Four foreign victims of the 2002 Bali bombings testified Thursday in the trial of an Indonesian militant accused of helping to build the massive car bomb used in the terrorist attack.
Australians Jason McCartney, Peter Hughes and Stuart Anstee and American Steven William Cabler told an Indonesian court how explosives carried in a backpack and a van destroyed two packed nightclubs. The attack was Asia's most deadly terror strike and killed 202 people, including 88 Australians and seven Americans.
Umar Patek, 45, a leading member of the al-Qaida-linked network Jemaah Islamiyah, was arrested last year in Pakistan. He is the last key suspect to be tried in the Bali bombings and faces a possible death penalty if found guilty of various terror-related and criminal charges.
Prosecutors plan to use the testimonies of the foreign victims to support their sentencing demand.
Cabler, a 51-year-old musician from California, said he was sitting with two friends at the Sari Club when the explosions occurred.
"I heard some yelling on the street that caught my attention and I could see some people running," he said of the first blast at Paddy's Pub.
Moments later, a much larger explosion ripped through the Sari Club and "burned the retinas of my eyes," he said.
Cabler recalled how he tried to help his best friend, Steve Webster, a surfing buddy from Southern California who was hit by a piece of roof ripped off by the second explosion.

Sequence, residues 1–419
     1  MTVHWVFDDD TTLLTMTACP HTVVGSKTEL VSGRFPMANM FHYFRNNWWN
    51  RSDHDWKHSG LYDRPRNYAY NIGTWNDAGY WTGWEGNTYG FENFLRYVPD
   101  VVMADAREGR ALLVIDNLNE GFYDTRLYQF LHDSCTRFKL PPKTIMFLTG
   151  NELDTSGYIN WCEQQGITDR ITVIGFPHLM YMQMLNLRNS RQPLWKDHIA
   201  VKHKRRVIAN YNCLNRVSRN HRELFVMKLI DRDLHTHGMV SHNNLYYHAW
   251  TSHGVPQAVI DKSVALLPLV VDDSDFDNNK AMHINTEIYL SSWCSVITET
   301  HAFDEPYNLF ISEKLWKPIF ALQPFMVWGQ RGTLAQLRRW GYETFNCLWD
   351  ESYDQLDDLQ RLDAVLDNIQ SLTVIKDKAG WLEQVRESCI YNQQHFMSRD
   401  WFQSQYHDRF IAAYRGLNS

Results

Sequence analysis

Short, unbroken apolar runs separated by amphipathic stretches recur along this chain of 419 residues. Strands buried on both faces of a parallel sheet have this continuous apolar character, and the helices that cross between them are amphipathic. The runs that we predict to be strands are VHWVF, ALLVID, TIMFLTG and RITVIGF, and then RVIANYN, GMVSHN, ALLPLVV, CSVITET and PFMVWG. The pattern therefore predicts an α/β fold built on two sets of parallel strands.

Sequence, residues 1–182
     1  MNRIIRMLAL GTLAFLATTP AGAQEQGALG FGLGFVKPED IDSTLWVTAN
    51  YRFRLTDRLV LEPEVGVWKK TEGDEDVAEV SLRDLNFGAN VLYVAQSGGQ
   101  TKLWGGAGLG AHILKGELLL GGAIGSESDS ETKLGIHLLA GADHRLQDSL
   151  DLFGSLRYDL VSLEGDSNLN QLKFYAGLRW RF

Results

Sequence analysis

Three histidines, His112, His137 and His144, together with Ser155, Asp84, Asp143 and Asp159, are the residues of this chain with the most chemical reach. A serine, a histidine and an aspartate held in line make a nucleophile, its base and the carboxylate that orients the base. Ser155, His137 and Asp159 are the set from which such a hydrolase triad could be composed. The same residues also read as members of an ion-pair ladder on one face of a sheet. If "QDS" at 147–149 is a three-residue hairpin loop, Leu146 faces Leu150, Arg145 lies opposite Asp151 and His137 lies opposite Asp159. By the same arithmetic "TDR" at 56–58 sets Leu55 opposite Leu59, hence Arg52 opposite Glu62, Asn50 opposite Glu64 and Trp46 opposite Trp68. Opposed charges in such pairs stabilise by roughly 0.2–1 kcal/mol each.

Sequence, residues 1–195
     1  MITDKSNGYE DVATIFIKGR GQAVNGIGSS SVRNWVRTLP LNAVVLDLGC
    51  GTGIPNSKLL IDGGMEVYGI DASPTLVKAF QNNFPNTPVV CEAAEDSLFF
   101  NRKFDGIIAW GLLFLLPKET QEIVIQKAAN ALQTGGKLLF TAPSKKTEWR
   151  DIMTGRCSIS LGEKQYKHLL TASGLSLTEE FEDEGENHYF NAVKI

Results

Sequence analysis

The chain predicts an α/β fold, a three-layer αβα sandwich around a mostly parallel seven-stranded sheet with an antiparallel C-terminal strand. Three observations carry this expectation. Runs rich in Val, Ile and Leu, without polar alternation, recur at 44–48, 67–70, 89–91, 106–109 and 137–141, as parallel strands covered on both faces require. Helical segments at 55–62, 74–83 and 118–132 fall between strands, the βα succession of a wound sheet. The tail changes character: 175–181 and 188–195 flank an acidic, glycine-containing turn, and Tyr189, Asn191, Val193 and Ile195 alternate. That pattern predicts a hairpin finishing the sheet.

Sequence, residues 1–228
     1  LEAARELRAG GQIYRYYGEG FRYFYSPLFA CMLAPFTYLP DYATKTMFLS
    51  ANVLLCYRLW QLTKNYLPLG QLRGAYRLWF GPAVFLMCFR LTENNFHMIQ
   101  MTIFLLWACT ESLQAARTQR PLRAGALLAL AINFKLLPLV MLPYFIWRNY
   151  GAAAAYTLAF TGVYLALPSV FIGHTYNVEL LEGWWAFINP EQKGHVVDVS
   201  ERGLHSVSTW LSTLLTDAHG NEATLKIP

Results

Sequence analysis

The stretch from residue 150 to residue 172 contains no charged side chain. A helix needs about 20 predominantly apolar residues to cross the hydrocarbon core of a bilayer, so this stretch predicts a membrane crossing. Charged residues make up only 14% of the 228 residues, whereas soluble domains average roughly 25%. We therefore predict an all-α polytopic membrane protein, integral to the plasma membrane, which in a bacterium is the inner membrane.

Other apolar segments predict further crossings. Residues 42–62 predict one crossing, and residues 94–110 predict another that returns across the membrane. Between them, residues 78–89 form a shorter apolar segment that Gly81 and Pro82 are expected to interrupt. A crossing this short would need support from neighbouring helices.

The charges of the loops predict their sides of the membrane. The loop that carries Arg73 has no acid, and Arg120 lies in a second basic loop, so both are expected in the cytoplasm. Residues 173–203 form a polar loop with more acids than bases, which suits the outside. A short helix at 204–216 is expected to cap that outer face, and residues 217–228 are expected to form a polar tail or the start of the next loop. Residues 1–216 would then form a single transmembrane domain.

"He was screaming underneath the roof," Cabler said. "I tried to pull him out but it was too hard because there was too much fire."
Cabler said his injuries cost him his career as a musician and singer.
"I have brain damage, traumatic brain injury. I can't remember a lot of things. ... My chest is broken, my ribs are stuck like this," he said, pointing to his ribs.
The Australians also recalled the tragedy in their testimony. Hughes, who was badly burned, glared at Patek after testifying.
Patek told Indonesian interrogators after his capture and extradition that he spent nearly a week with co-conspirators in a Bali safehouse, painstakingly assembling the huge car bomb using household items including a rice ladle, a grocer's scale and plastic bags.
But he later denied the charges in court, saying he was present when the bombs were made but did not actually help build them.
He testified that he did not have the expertise to create such a massive explosive and that it was Malaysian bomb maker Azahari bin Husin, killed during a raid by anti-terrorism forces in 2005, who mixed almost all of the chemicals.
Three masterminds in the Bali attack already have been tried and executed, and authorities have made strides in dismantling Jemaah Islamiyah, a movement aimed at creating a pan-Islamic state in Southeast Asia.